South Africa has lost its father and the world has lost a hero. Nelson Mandela, aged 95, has passed away. His legacy transcends his country and era and is worth of being praised as heroic. After having fought against suppression for decades, Mandela will serve as a prime example for the notion of forgiveness and reconciliation for decades maybe even centuries to come as his struggle for freedom and democracy gained recognition on a level which is second to none.
Mandela, born in Transkei in 1918, in a country deeply divided presented a degree of bravery, endurance and, most importantly, self-sacrifice that can only be admired.
The virtue of forgiveness and clemency were pivotal to Mandela’s beliefs, whilst he was convinced that hatred and revenge as response to the cruelties of Apartheid would cause more harm than good.
In his memoir Mandela wrote:
‘I always knew that deep down in every human heart, there is mercy and generosity’
‘No one is born hating another person because of the colour of his skin, or his background, or his religion. People must learn to hate, and if they can learn to hate, they can be taught to love, for love comes more naturally to the human heart than its opposite’.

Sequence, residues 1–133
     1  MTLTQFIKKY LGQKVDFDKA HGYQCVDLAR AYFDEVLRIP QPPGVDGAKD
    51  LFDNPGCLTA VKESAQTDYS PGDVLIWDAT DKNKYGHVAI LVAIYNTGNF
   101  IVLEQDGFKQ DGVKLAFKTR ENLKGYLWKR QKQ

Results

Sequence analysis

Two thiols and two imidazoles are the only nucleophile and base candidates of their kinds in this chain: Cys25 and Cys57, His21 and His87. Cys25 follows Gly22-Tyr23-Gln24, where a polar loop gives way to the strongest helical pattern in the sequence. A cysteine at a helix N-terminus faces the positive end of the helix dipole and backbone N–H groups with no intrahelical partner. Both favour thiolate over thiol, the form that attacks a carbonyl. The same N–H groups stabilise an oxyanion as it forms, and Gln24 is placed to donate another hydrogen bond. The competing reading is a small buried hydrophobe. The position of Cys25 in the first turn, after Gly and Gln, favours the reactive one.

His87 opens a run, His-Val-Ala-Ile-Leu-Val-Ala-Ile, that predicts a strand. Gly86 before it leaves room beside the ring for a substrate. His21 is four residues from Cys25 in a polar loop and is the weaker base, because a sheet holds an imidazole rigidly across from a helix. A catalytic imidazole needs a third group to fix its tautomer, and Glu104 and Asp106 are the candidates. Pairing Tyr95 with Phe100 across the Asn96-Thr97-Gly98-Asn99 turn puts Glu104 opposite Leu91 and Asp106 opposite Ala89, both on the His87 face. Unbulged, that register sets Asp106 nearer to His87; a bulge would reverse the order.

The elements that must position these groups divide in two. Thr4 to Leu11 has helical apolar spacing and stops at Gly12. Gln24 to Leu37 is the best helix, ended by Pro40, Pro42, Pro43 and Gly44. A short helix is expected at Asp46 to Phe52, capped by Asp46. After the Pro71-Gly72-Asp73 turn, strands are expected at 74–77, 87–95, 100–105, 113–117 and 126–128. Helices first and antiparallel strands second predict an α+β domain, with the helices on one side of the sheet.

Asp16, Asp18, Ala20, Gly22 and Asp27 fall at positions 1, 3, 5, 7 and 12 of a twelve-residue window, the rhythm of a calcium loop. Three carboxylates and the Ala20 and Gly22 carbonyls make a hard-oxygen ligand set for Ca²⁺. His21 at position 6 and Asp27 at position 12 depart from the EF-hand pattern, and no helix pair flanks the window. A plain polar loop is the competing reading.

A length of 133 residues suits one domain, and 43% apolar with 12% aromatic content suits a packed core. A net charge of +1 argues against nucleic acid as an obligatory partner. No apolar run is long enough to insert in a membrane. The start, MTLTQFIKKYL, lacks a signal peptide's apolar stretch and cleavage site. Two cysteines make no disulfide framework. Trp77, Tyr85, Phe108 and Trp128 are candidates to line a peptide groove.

Mandela recognised at an early stage that he wanted to improve the lives of his fellow black South Africans. After taking part in a protest at the University College of Fort Hare he was expelled. In the years to come Mandela’s politically involvement increased and he joined the African National Congress in 1944. He supported the establishment of its Youth League and increased his influence in the ANC by leading the Defiance Campaign, joining the efforts of the ANC and the South African Indian Congress to campaign for civil disobedience. As a consequence, he and his fellows were sent to nine months hard labour, albeit the sentence was suspended. Later he established, together with Oliver Tambo, the first black law firm in South Africa. The following years were shaped by further arrests and after the Sharpeville Massacre in 1960, the ANC was banned.
Although believing in Ghandi’s approaches to oppose suppression peacefully, in 1961 Mandela founded Umkhonto we Sizwe (Spear of the Nation), the armed wing of the African National Congress. His deviation from a peaceful path was rooted in the belief that the violent Apartheid regime could not be toppled by peaceful means after negotiations that had lasted several decades.